Treatment in some cases of wet AMD involves laser surgery in which a laser beam of light is placed directly onto the leaky blood vessels to prevent further leaking. Recent clinical studies have indicated that nutrition plays a role in preventing or slowing the progression of certain types of AMD. It would be wise for anyone who has a risk of acquiring AMD to supplement their diet with vitamins, especially those containing antioxidants.

Some risk factors of developing AMD include people over the age of 50, people who are exposed to a lot of sunlight and UV light, those who have light-colored eyes, anyone with a family history of AMD and people who smoke or have high cholesterol. Caucasions have a greater chance of developing AMD than African Americans, and women are slightly more at risk than men.

*DIABETIC RETINOPATHY - this eye disease affects one-half of all Americans diagnosed with diabetes. It usually first appears after a person has diabetes for 10 years. This disease is the leading cause of blindness in American adults. Diabetic retinopathy occurs when diabetes damages the small blood vessels in the retina. This results in the leakage of fluid and blood into the retina resulting in blurred vision. Further loss of vision occurs in the later stages when new, fragile blood vessels grow along the surface of the retina. Without timely treatment, these fragile blood vessels can bleed and destroy the retina. All diabetics are at risk and the risk is higher if a diabetic smokes, drinks alcohol, has high blood pressure or is pregnant.

There are a few treatment options. Laser surgery is usually the initial treatment. One type of laser surgery involves placing a beam of light directly onto the leaking blood vessels to seal them. Another type involves making hundreds of small laser burns in the periphery of the retina, causing abnormal blood vessels to shrink. Laser surgery may have to be performed more than once. Another type of surgery may be necessary if bleeding occurs in the vitreous, the gel-like fluid section of the eye. A procedure is performed to remove the cloudy vitreous and replace it with clear solution.

In general, with early treatment, 90% of the people with advanced diabetic retinopathy can be saved from going blind. An annual, detailed retinal exam should be performed to detect any retinopathy as early as possible. Good control of blood sugar lessens the chance of diabetic retinopathy.

*DRY EYES - there are two main causes of dry eyes - a reduction in the amount of tears produced by the eye, and an increase in the evaporation of tears due to poor tear chemistry. There are many symptoms including burning and stinging, scratchiness, grittiness or foreign body sensation, dryness, itching, sensitivity to light, mattering, excessive tearing and red eyes. Environmental factors increasing dry eyes are air-conditioners, wind, heat, dry air and smoke. Other conditions causing dryness include aging, health problems, menopause and excessive near work. Dry eyes are also influenced by medications that are taken for arthritis, birth control, acne, colds and allergies, thyroid disease, depression, high blood pressure and hormone deficiency.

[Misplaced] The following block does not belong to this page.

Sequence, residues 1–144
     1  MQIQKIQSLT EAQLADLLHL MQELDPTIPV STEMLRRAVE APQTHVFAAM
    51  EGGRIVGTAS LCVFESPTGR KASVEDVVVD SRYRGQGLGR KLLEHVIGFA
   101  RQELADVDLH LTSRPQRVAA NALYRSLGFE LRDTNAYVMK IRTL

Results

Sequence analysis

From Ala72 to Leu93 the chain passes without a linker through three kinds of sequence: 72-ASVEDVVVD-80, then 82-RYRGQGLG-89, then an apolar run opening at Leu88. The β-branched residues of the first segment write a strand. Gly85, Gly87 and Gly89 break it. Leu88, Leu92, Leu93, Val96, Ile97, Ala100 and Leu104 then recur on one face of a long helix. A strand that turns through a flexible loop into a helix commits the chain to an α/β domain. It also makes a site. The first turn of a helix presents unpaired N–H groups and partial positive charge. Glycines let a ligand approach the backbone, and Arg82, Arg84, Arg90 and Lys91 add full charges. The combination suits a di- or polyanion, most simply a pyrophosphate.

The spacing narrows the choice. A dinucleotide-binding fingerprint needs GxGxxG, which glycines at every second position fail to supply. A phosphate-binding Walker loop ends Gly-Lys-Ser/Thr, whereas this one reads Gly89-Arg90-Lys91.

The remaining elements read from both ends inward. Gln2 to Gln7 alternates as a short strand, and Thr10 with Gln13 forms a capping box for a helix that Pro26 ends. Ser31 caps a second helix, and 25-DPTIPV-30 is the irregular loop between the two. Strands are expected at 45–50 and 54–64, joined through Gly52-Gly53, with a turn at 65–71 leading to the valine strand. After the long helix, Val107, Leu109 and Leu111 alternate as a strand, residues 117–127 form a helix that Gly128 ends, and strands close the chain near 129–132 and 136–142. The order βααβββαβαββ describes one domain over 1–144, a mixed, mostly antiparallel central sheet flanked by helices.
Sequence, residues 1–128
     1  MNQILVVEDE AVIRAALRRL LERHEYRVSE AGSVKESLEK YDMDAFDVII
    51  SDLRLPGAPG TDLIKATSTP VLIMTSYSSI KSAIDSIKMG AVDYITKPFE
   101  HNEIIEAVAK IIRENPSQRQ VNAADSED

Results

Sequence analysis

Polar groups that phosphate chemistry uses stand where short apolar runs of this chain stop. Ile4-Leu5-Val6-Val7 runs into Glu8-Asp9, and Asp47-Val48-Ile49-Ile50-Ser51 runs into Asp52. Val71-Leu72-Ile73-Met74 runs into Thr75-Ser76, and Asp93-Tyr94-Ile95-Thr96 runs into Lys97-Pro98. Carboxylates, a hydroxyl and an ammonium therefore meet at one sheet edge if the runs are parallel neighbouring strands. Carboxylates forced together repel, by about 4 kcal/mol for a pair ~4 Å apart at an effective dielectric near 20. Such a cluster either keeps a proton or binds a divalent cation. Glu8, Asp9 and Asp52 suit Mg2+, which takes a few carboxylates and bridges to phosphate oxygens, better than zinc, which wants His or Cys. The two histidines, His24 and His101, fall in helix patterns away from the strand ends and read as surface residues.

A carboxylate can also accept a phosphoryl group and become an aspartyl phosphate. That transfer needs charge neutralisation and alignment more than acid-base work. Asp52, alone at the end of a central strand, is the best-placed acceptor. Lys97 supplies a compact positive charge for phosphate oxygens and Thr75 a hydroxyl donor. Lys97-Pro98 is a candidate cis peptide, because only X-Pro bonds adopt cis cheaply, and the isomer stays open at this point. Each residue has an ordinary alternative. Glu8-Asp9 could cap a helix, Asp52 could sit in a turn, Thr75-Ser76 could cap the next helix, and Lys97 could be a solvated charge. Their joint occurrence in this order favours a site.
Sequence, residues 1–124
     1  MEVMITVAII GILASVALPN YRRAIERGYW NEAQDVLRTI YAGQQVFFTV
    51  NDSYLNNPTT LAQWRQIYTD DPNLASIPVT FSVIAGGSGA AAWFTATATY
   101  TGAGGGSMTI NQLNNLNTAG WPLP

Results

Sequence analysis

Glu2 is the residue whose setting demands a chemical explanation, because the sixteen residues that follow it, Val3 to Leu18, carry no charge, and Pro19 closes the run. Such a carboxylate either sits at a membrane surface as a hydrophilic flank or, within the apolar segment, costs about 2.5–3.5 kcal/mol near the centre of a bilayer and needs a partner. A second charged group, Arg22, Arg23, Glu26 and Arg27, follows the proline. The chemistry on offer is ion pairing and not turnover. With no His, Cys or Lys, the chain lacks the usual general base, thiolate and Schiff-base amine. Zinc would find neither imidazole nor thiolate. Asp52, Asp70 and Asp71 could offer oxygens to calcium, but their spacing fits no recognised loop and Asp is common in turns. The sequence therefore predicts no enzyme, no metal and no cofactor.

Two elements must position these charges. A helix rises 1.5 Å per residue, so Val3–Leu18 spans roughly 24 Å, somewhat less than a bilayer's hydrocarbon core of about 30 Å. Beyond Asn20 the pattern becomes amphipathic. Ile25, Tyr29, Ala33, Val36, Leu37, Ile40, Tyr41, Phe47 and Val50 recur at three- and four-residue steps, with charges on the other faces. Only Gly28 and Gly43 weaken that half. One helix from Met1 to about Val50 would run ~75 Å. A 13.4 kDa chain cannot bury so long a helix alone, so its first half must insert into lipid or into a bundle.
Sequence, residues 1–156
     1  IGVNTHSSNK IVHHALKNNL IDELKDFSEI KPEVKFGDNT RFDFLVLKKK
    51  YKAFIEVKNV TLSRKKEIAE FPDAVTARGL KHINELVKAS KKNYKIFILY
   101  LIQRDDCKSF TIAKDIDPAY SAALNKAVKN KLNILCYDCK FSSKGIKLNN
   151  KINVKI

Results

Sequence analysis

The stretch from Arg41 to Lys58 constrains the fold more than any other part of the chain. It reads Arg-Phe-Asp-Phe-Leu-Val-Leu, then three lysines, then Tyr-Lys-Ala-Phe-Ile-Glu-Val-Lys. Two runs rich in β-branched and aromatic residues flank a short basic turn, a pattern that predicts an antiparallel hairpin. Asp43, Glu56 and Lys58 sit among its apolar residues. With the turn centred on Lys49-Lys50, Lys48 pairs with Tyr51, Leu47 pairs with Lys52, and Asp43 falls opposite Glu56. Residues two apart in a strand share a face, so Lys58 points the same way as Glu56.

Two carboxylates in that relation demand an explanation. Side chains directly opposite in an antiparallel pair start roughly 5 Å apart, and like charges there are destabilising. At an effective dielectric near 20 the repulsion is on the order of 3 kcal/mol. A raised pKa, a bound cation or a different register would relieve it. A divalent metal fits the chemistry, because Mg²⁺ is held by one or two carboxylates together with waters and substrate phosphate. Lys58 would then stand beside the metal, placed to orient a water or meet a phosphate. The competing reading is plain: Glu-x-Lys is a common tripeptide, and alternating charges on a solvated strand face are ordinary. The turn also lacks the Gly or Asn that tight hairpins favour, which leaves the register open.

Dry eyes can make it difficult to wear contact lenses, and severe dryness can damage the cornea and impair vision. Initial treatment usually involves placing lubricating eye drops (artificial tears) on the eye. In some cases, small plugs may be inserted in the corner of the eyelids to block the tears from draining into the tear ducts.

*CONJUNCTIVITIS - this is an inflammation of the conjunctiva, a thin, transparent layer covering the surface of the inner eyelids and the white portion of the eye called the sclera. There are three main causes - infection, allergic response and chemical reaction. Infectious conjunctivitis, commonly known as "pink eye", is usually caused by a virus or bacteria. Your body's allergic response to pollen, cosmetics, animals or fabrics can bring on an allergic conjunctivitis. Irritants like noxious fumes, preservatives in eye drops and chlorine in swimming pools can cause the chemical type of conjunctivitis. Signs and symptoms of any conjunctivitis include red eyes, swollen eyelids, watery or mucous discharge, blurred vision, scratchiness, pain and sensitivity to light. Treatment involves antibiotic eye drops for the bacterial type, usually just monitoring the viral type and removing the toxic substance causing the chemical conjunctivitis.